• 17th July 2017 - By greg

    I calculated the total cost of factors that decreased my average speed to be worth about .335 kph This is to say, that my actual 10.18 kph ave speed estimation for 24 hours based on Thursdays record run on Glenmore reservoir *could* be as high as (10.18 + .335 = 10.515 kph) without the impediment of these costs. The factors that caused my average speed to drop below my optimal estimate are:

    1. Counting surveyed laps rather than actual distance travelled as measured by GPS (.17 kph)
    2. Pausing to clear weeds off prop and rudder (.05 kph)
    3. Slow re-supply pitstops (.1 kph)
    4. Slowing down to turn the tight turn-arounds at both ends of my course (.015 kph)

    My distance in 24 hours could be as high as 252.36 lm (10.515 * 24) which would beat both my record, and Carters kayak record. However, to be fair, Carter had to count surveyed laps on his record so it would not be a fair comparison.

    I am pretty much convinced that the Glenmore reservoir is the ideal course due to the rowing lane location between 2 hills that tend to block the prevailing winds. That being the case, I would go for another record attempt on Glenmore reservoir if the city were to agree to permission again, and, most importantly, if Guinness agrees to my rule change recommendations which would allow me to use a GPS to measure distance travelled, and to not have to conform to a rigid buoy marked course. If I can get these 2 check boxes checked, then this is what my ideal Glenmore course might look like (Blue is my track from Thursday, RED is the ideal route):

    Glenmore Reservoir Idea route

     

    Following is how I derived these estimated average speeds and costs:

    Since I had some technical issues that occurred at just after 10 hours into the 24 hour record attempt on Thursday last week, I’ll use the first 10 hours to establish what I could expect as an average speed for this attempt, and what various speed impediments actually cost me. Then, I’ll design an “ideal” 24 hour record scenario, and estimate my average speed once all of the impediments are eliminated – or at least, mitigated.

    As per my log counting the laps multiplied by the surveyed distance around each lap, my average was 10.36 kph after 10 hours. This includes bathroom stops, longer than planned resupply pit stops, stops to de-weed my prop and rudder, slowing down to round the tight corners, water surface conditions that were a mix of some wind, some small waves, and calm (generally very good water conditions), and of course, pedaling a larger circumference required to clear the buoys around my surveyed course.

    I will estimate that I can hold an average of 10.36 for 12 hours, then to be conservative, I will estimate being able to hold 10.0 kph average speed for the last 12 hours equalling a potential overall average of 10.18 kph over 24 hours. This is what I ‘would have’ travelled if not for the break down, and eventual quit after 16 hours.

    Analysis of the “speed costs”

    As per my actual GPS average speed, my average was 10.5 kph after 10 hours. This includes bathroom stops, longer than planned resupply pit stops, stops to de-weed my prop and rudder, and a mix of some wind, some small waves, and calm (generally very good water conditions).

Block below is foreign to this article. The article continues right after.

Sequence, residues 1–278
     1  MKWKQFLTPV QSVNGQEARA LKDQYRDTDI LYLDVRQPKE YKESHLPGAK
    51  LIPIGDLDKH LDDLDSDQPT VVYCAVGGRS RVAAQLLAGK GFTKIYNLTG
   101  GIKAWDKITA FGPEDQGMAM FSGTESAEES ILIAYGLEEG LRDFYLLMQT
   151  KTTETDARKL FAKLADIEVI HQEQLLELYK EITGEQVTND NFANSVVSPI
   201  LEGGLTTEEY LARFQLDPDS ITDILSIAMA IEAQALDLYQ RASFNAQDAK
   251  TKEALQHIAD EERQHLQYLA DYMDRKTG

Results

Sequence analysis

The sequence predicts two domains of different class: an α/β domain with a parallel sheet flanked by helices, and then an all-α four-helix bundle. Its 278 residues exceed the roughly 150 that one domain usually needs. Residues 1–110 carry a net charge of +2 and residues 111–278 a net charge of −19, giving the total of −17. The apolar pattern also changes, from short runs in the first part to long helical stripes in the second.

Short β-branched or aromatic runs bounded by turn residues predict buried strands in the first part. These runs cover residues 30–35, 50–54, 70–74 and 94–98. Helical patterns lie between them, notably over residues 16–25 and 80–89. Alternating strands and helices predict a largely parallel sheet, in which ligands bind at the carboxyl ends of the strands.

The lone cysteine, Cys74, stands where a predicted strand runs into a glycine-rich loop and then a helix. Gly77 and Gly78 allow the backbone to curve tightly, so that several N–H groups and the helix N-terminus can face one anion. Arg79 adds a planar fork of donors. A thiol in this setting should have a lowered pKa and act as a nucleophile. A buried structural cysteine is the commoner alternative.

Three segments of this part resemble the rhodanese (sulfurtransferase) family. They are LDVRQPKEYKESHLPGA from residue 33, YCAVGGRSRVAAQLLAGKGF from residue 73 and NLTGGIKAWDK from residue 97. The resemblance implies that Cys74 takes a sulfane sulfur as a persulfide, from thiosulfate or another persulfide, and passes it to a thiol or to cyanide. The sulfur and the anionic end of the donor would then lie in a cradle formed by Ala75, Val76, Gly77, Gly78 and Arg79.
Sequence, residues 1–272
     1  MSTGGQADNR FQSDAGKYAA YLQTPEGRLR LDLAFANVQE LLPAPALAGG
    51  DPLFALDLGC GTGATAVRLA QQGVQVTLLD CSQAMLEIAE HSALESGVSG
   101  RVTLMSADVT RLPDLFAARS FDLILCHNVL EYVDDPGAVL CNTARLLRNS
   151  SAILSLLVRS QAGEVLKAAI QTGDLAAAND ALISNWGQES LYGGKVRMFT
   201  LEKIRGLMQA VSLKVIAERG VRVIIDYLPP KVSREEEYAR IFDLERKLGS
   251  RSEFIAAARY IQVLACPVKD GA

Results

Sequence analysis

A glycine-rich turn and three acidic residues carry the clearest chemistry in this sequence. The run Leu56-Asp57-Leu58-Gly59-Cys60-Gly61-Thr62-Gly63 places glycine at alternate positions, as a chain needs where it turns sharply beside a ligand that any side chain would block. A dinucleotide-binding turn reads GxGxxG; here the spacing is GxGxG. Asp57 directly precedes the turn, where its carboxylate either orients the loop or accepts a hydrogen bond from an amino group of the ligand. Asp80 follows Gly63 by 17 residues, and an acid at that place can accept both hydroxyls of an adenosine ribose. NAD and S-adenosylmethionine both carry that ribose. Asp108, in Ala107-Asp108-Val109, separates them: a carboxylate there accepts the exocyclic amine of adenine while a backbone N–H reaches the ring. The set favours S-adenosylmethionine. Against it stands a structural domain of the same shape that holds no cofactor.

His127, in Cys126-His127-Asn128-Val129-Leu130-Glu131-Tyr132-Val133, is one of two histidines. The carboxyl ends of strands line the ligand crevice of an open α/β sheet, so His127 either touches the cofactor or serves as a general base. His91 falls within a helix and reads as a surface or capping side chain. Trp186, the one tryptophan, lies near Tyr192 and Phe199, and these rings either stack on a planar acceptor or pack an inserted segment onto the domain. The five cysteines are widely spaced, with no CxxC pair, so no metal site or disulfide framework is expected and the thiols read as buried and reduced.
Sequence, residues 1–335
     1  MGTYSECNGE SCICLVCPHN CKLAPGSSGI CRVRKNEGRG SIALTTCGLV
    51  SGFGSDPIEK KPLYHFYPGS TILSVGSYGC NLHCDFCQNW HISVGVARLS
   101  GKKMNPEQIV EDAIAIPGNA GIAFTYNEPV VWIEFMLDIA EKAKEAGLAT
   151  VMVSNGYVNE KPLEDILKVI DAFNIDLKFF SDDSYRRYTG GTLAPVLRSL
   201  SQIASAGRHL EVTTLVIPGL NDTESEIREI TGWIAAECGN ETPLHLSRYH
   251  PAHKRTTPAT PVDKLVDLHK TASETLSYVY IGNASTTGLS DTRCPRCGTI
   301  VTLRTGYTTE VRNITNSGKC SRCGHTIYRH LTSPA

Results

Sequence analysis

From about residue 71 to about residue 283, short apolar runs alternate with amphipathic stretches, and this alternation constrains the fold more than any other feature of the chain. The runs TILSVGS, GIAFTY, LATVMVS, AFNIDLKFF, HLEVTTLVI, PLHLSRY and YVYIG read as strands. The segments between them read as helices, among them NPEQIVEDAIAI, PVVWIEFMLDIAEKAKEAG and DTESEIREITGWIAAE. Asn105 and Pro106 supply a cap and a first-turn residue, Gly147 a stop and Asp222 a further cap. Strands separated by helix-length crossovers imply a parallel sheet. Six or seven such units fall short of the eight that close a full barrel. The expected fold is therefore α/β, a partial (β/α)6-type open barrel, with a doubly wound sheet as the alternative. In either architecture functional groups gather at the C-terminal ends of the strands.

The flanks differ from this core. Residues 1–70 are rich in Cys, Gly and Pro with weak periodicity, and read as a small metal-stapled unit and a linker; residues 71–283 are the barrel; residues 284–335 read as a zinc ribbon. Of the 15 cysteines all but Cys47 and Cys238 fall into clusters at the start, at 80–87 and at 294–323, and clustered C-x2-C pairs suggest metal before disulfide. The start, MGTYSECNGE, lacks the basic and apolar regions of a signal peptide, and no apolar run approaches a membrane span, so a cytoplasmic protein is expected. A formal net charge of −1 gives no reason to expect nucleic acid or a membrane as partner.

The actual distance covered according to counting the surveyed laps resulted in only 10.36 kph, a difference of .14 kph which is the ‘cost’ of pedaling a bigger circumference around the surveyed buoy marked course.

    Another way to calculate this circumference cost is:
    length of my surveyed course = 3.264 km
    length of a typical actual loop using GPS data = 3.32 km
    Cost for counting surveyed laps = .056 km, or 1.7% which equates to an ave speed difference of .17  (I’ll use .14 because there was more data)

    Typical hour without resupply slow-down = 10.8 kph
    That same hour including resupply slow down = 10.7 kph

    Cleaning weeds off of rudder and prop happened on average about once per 2 hours, and took about the same amount of time as a resupply, so I’ll estimate a .05 kph ave speed cost for that

    Ave speed going around tight corners at both ends of the course = 10.7 kph
    Ave speed on straight section = 10.8
    Since corner turns are about 15% of my entire course, I estimate that turning the corners cost .015 kph overall

    COSTS:

    1. Resupply pit stops = .1 kph
    2. Counting laps = .17 kph
    3. Cleaning weeds = .05 kph
    4. Rounding tight corners = .015 kph

    Total costs = .335 kph This is to say, that my actual 10.18 kph ave speed estimation for 24 hours could be as high as (10.18 + .335 = 10.515 kph) without impediment of these “costs”. If I was allowed to use actual distance travelled as measured by my GPS rather than counting surveyed laps, if I used my weed shedding rudder and avoided having to stop to clear weeds, if I rehearsed pitstop procedures, and made them more efficient costing me no lost time, and if I did not have to turn tight corners around buoys, then My distance in 24 hours could be as high as 252.36 lm (10.515 * 24) which would beat both my record, and Carters kayak record. however, to be fair, Carter had to count surveyed laps on his record so it would not be a fair comparison.

     

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